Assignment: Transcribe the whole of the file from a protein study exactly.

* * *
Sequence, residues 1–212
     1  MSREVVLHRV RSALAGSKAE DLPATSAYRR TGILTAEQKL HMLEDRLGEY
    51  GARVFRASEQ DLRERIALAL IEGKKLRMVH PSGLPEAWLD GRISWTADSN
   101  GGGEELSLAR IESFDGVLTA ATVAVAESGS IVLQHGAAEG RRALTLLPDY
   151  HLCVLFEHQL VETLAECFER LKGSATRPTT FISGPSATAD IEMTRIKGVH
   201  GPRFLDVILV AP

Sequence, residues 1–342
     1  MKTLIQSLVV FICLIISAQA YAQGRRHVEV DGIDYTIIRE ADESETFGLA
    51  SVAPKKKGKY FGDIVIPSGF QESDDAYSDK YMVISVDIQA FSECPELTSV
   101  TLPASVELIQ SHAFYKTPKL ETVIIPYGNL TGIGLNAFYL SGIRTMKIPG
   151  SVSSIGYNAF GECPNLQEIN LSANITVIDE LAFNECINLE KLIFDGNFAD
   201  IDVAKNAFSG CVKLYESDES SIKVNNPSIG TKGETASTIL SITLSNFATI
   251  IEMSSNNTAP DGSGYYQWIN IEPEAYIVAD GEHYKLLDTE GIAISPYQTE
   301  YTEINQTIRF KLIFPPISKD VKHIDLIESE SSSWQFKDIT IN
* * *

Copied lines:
Sequence, residues 1–212
     1  MSREVVLHRV RSALAGSKAE DLPATSAYRR TGILTAEQKL HMLEDRLGEY
    51  GARVFRASEQ DLRERIALAL IEGKKLRMVH PSGLPEAWLD GRISWTADSN
   101  GGGEELSLAR IESFDGVLTA ATVAVAESGS IVLQHGAAEG RRALTLLPDY
   151  HLCVLFEHQL VETLAECFER LKGSATRPTT FISGPSATAD IEMTRIKGVH
   201  GPRFLDVILV AP

Sequence, residues 1–342
     1  MKTLIQSLVV FICLIISAQA YAQGRRHVEV DGIDYTIIRE ADESETFGLA
    51  SVAPKKKGKY FGDIVIPSGF QESDDAYSDK YMVISVDIQA FSECPELTSV
   101  TLPASVELIQ SHAFYKTPKL ETVIIPYGNL TGIGLNAFYL SGIRTMKIPG
   151  SVSSIGYNAF GECPNLQEIN LSANITVIDE LAFNECINLE KLIFDGNFAD
   201  IDVAKNAFSG CVKLYESDES SIKVNNPSIG TKGETASTIL SITLSNFATI
   251  IEMSSNNTAP DGSGYYQWIN IEPEAYIVAD GEHYKLLDTE GIAISPYQTE
   301  YTEINQTIRF KLIFPPISKD VKHIDLIESE SSSWQFKDIT IN